Despite being Ireland's second largest city, Cork is quite compact, its main sights and convenience centers are very well located - which is great because it allows you to walk around most of the city on foot. Regardless of that, they don’t lack a good transport system. You'll have access to a modern and efficient air-conditioned bus network with Wi-Fi! With lots of street signs, the city is also interconnected by a fairly extensive rail network.
As in Dublin, tickets are charged by zone and the prices vary depending on the route traveled. As a student, West 1 recommends that you purchase the Student Lead Card for discounted rates, as well as download transportation services apps. That way you stay connected and get the proper information on the correct route to take.
Despite offering a very well structured and efficient transport system, riding a bike is still the favorite way to get around in Cork. The bike has even won a theme festival that addresses ecological issues and encourages people to use them.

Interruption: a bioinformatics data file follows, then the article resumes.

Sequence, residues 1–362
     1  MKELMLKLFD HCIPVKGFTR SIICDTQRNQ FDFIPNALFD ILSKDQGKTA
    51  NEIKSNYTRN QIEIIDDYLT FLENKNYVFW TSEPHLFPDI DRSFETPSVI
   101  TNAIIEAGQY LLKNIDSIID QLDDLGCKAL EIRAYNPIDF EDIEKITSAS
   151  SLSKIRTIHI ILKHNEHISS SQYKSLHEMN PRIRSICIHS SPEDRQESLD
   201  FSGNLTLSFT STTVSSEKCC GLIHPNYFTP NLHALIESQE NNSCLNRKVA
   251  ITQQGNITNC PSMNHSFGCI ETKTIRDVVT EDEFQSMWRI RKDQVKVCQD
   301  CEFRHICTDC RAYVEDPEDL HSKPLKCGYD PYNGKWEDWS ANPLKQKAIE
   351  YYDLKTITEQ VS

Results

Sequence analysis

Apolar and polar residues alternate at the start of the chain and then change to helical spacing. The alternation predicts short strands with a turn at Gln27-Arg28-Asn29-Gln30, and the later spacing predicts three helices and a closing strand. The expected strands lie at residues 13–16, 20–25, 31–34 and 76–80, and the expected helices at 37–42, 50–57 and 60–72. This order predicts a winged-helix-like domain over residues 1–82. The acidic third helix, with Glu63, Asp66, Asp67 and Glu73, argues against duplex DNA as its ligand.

Study and Work
Located 260 km from Dublin, the charming little city of Cork is known as the cultural heart of Ireland as well as Europe. The title is honored not only for its tourist attractions that exude the country's history, such as St. Anne Church, a 18th century church that, from the top of its 30 meters tall tower, offers the highest lookout in the city. Here culture is considered the highlight, (along with gastronomy), because Cork's agenda is full of festivals with schedules that highlight not only music, art, but also sharpens the palate, with the Taste of West Cork, where you can visit organic farms, taste a variety of dishes and attend cooking classes.